Many people assume that their face is naturally more red than others, when in fact, it could be due to rosacea. This skin condition affects over 16 million Americans and is becoming even more widespread with approximately three million new cases being diagnosed each year.
Symptoms & Causes of Rosacea
While rosacea can occur in anyone, it is most commonly seen in middle-aged women. Most people who suffer from this condition have one, or a combination of the following symptoms:
This is by far the most common symptom. The blood vessels in the middle of the nose and face become swollen and visible, causing redness.
Pimples that resemble acne can develop around the areas of redness. Just like acne, the pimples can feel hot and tender.
Many people don’t know that rosacea can affect the eyes. People who suffers from rosecea often experience eye dryness, irritation, redness, and swelling of the eyelids.
Occurring more in men than in women, the bridge of the nose can appear bulbous because of the thickening of the skin.
While no one knows exactly what causes rosacea, evidence suggests that it is hereditary. The condition tends to affect people between the ages of 30 and 50 and is more common among people with fair skin. Environmental factors also appear to have an effect on the severity of symptoms. The following things may make exacerbate the symptoms:
- Alcohol consumption
- Hot or spicy food
- Large amounts of caffeine
- Direct sunlight, humidity, or extreme temperatures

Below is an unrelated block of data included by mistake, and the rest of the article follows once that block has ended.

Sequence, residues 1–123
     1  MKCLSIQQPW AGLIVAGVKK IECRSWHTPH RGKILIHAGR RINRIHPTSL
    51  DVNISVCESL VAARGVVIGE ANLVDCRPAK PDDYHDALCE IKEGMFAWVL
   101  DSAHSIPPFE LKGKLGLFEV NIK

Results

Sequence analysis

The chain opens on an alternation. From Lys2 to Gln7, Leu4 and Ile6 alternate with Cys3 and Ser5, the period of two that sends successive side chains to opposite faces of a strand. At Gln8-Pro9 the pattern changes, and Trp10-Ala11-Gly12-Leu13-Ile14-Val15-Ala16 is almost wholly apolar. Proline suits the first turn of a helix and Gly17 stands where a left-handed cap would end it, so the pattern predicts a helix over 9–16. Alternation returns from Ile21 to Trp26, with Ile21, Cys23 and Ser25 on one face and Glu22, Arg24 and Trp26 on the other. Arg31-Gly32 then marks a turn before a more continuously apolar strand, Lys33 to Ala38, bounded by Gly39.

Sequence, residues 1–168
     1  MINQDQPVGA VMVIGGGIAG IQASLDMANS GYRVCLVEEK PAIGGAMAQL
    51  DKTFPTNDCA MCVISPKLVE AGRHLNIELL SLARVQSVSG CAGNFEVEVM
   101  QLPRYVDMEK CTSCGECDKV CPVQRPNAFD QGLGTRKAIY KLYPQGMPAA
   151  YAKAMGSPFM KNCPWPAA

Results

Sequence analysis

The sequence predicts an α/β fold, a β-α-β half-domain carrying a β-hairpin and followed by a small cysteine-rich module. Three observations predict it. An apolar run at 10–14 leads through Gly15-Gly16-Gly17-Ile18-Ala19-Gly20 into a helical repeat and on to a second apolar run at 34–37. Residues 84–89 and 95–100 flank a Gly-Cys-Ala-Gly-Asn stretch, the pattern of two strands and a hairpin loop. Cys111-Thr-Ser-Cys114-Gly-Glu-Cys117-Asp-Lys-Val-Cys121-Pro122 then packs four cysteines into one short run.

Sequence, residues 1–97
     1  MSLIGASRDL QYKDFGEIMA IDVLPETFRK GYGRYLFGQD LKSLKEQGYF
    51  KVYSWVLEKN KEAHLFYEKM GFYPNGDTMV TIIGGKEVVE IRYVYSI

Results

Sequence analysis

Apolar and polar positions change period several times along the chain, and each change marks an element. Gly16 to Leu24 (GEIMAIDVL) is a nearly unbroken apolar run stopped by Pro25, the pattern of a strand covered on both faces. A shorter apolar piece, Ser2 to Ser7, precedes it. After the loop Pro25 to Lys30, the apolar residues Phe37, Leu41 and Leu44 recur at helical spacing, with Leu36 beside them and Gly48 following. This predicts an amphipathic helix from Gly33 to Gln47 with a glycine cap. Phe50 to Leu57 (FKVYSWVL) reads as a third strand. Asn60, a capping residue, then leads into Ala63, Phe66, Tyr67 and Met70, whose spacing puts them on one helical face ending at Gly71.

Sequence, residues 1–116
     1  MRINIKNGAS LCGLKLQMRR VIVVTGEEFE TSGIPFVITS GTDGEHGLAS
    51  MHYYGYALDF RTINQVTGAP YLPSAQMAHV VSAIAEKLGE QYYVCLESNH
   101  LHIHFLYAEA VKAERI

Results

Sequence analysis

- Stress and anxiety
Types of Rosacea
Rosacea is most commonly seen around the nose and cheeks, but symptoms can spread to other areas of the face, and even reach as far as the chest and back. Since cases of Rosacea can vary in terms of symptoms, the condition is categorized into four subtypes:
- Erythematotelangiectatic rosacea – Redness, flushing, visible blood vessels.
- Papulopustular rosacea – Redness, facial swelling, acne-like breakouts.
- Phymatous rosacea – The skin thickens and develops a bumpy texture.
- Ocular rosacea – Eyes become affected. Eyes can appear red and eyelids become swollen.
Rosacea Treatment Options
A dermatologist will be able to determine if a patient has rosacea with a simple skin exam. Once diagnosed, rosacea is most often controlled with medications, cosmetic procedures, or a combination of the two.
In many cases, an oral or topical drug will be prescribed to bring the condition under control. If these options are effective most of them will safe to use long-term in order to keep symptoms from returning. The most common types of medication include:
- Topical drugs – Topical creams are applied daily to reduce inflammation and control redness.
- Antibiotics – Oftentimes, oral antibiotics are prescribed over topical treatments because they yield quicker results.
- Accutane – Reserved for severe cases that don’t respond to other treatments, this drug reduces the production of oil by the sevacious glands.
- Tetracycline – For patients who are having symptoms that affect their eyes, tetracyclines can help reduce symptoms.
Cosmetic procedures are recommended when the disease is not responding to the previous types of treatments, or for patients with severe cases. The most common cosmetic procedures include:
- Laser treatment – When patients have visible blood vessels, a dermatologist may use laser treatment to shrink them, thus reducing their appearance.
- Plastic surgery – When skin becomes thickened and creates an unnaturally round appearance, a patient may be referred to a plastic surgeon to have the excess tissue surgically removed.
Contact a Dermatologist
If you’re suffering from the signs and symptoms of rosacea, and you would like to discuss your options, give us a call! We’ll be more than happy to develop a treatment plan specifically catered to your needs. Call Mystic Valley Dermatologist Associates or schedule your appointment online today!